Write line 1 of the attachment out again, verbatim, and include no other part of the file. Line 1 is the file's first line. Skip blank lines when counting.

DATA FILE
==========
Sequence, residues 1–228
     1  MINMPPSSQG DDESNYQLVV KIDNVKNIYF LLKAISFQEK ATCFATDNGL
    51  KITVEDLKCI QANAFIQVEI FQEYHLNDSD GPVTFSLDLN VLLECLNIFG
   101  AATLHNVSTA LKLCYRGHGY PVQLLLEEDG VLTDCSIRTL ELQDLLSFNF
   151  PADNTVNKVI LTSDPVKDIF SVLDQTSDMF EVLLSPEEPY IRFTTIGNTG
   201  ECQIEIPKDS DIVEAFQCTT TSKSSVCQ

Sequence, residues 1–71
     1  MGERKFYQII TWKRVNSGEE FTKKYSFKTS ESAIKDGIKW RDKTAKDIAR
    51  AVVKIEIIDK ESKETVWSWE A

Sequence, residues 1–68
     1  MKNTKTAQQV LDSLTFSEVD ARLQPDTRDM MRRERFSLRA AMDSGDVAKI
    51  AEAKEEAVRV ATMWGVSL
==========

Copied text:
Sequence, residues 1–228